Your Veterinarian/Veterinarian Staff
You weren't expecting this one, were you? First let's debunk a certain myth that has been promulgated for too long. Many people are going on the Internet claiming that vets know very little about dog nutrition because they are biased by pet food representatives that routinely visit their offices and because they receive no education or very little education in regards to nutrition. The truth is, most vets take at least a semester course on nutrition and much more nutritional education is received throughout their other courses in their careers. Skep Vet, a licensed, practicing veterinarian who blogs and takes a skeptical & science-based look at Veterinary Medicine, states though that this education still does not make them the real "experts" in the field. Yes, they do study nutrition, but most have only general knowledge of veterinary nutrition. What does this mean to the pet owner? That a veterinarian's recommendation on a certain dog food shouldn't necessarily be taken for gold. Of course, as with everything, there are exceptions, and I have personally known some great vets that are up-to-date on the best nutrition advice and look at each dog individually, but finding the best food for your dog requires time and a consult, and thus, takes the expertise of a specialist.
Looking for websites created by Veterinary Nutritionists?
You may be looking for a veterinary nutritionist or may want to look for some tips from them. While they prepare individualized diets based on a dog's medical history, some offer helpful tips on their websites. Here are a couple of helpful resources:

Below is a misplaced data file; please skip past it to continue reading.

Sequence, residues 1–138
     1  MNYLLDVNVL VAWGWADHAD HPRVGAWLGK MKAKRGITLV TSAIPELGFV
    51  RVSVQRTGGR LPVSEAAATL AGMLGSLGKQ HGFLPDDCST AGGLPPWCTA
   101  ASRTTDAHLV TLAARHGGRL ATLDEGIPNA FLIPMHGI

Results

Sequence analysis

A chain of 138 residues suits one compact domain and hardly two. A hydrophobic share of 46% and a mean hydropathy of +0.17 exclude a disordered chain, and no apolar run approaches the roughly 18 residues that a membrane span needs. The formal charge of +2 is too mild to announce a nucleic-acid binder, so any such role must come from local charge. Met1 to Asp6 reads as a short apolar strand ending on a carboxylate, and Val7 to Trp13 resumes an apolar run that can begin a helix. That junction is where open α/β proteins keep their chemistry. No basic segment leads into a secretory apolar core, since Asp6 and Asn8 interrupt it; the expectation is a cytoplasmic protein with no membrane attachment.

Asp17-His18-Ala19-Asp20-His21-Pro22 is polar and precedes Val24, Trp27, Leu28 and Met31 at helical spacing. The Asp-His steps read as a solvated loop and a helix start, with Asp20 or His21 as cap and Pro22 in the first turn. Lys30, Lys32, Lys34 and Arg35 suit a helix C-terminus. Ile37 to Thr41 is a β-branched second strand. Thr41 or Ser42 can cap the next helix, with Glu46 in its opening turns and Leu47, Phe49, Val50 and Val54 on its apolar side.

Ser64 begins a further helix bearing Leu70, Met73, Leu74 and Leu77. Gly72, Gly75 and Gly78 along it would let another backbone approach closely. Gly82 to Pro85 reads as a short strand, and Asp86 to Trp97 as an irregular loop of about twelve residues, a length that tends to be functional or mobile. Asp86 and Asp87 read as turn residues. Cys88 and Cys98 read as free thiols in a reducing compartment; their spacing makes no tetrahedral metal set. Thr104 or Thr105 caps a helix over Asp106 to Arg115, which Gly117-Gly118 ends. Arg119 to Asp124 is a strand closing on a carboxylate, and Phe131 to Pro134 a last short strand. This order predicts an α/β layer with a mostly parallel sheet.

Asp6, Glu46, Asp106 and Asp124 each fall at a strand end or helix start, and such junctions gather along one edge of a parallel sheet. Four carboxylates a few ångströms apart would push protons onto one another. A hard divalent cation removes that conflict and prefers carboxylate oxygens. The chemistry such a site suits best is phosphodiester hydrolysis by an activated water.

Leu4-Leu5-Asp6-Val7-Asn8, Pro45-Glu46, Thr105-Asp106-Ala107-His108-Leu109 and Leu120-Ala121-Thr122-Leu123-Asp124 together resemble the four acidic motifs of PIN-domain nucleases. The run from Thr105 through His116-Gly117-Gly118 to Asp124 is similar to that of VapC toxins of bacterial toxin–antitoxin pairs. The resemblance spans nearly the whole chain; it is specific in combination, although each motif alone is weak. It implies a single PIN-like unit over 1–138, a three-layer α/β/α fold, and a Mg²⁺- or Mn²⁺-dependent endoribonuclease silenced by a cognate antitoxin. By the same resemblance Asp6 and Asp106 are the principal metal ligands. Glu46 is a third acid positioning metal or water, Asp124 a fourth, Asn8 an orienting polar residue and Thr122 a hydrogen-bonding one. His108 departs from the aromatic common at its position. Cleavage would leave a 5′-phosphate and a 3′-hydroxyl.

Balance IT by Sean Delaney, DVM, MS, DACVN
So who are The Real Dog Nutrition Experts?
At this point, you may be wondering who are the real dog nutrition experts. As with other specializations, there are true experts in the field, only thing is that they are not that popular, so you may have never heard of them. The real experts in the field are board-certified veterinary nutritionists, professionals who have made training in nutritional science their primary specialization are diplomates of the American College of Veterinary Nutrition (ACVN)-- not to be confused with the American Academy of Veterinary Nutrition (AAVN)
The training of these specialists involves intensive research activities lasting at least two years. Attendants must pass a written examination to obtain board certification. What tasks does specializing in nutrition entail? Many tasks involve formulating commercial foods, home-prepared diets and supplements based on an individual basis, other tasks include consulting with regular vets, conducting research and teaching. Diplomates can be found on the ACVN website and are divided by State. At this moment, there seems to be about only 70 diplomates in the whole United States. No wonder they are so hard to come by! They can be found in this directory. Veterinarians who are diplomates of ACVN use the acronym DACVN following their name.
So if you are looking for the right diet for a dog with a certain medical condition or you want to try a home-based diet or raw diet but want to make sure you are not depriving your dog from any important nutrients, a qualified veterinary nutritionist is the best person to ask. He or she we will review your dog's medical history, your dog's diet history and will discuss an individualized feeding strategy to best meet your dog's nutritional needs.